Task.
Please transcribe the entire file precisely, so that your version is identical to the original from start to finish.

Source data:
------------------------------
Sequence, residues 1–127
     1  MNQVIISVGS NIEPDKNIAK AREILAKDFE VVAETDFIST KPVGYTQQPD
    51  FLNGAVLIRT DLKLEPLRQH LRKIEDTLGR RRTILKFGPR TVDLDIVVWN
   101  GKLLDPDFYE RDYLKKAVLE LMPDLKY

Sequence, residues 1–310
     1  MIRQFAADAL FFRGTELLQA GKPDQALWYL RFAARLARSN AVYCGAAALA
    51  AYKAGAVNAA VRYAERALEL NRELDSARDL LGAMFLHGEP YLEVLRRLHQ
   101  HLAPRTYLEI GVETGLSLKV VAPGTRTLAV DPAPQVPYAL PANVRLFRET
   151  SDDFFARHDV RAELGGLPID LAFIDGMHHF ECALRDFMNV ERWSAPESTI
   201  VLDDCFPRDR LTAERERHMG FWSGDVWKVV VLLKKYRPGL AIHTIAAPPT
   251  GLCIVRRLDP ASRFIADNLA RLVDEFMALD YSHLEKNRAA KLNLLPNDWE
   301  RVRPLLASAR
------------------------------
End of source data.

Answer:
Sequence, residues 1–127
     1  MNQVIISVGS NIEPDKNIAK AREILAKDFE VVAETDFIST KPVGYTQQPD
    51  FLNGAVLIRT DLKLEPLRQH LRKIEDTLGR RRTILKFGPR TVDLDIVVWN
   101  GKLLDPDFYE RDYLKKAVLE LMPDLKY

Sequence, residues 1–310
     1  MIRQFAADAL FFRGTELLQA GKPDQALWYL RFAARLARSN AVYCGAAALA
    51  AYKAGAVNAA VRYAERALEL NRELDSARDL LGAMFLHGEP YLEVLRRLHQ
   101  HLAPRTYLEI GVETGLSLKV VAPGTRTLAV DPAPQVPYAL PANVRLFRET
   151  SDDFFARHDV RAELGGLPID LAFIDGMHHF ECALRDFMNV ERWSAPESTI
   201  VLDDCFPRDR LTAERERHMG FWSGDVWKVV VLLKKYRPGL AIHTIAAPPT
   251  GLCIVRRLDP ASRFIADNLA RLVDEFMALD YSHLEKNRAA KLNLLPNDWE
   301  RVRPLLASAR